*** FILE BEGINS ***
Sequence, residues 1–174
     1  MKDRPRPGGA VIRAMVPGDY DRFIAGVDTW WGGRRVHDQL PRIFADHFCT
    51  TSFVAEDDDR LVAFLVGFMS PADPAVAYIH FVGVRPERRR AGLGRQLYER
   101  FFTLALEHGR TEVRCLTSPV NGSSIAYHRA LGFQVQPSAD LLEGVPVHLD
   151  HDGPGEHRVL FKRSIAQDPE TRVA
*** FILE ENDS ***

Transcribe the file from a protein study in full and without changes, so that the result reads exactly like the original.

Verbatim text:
Sequence, residues 1–174
     1  MKDRPRPGGA VIRAMVPGDY DRFIAGVDTW WGGRRVHDQL PRIFADHFCT
    51  TSFVAEDDDR LVAFLVGFMS PADPAVAYIH FVGVRPERRR AGLGRQLYER
   101  FFTLALEHGR TEVRCLTSPV NGSSIAYHRA LGFQVQPSAD LLEGVPVHLD
   151  HDGPGEHRVL FKRSIAQDPE TRVA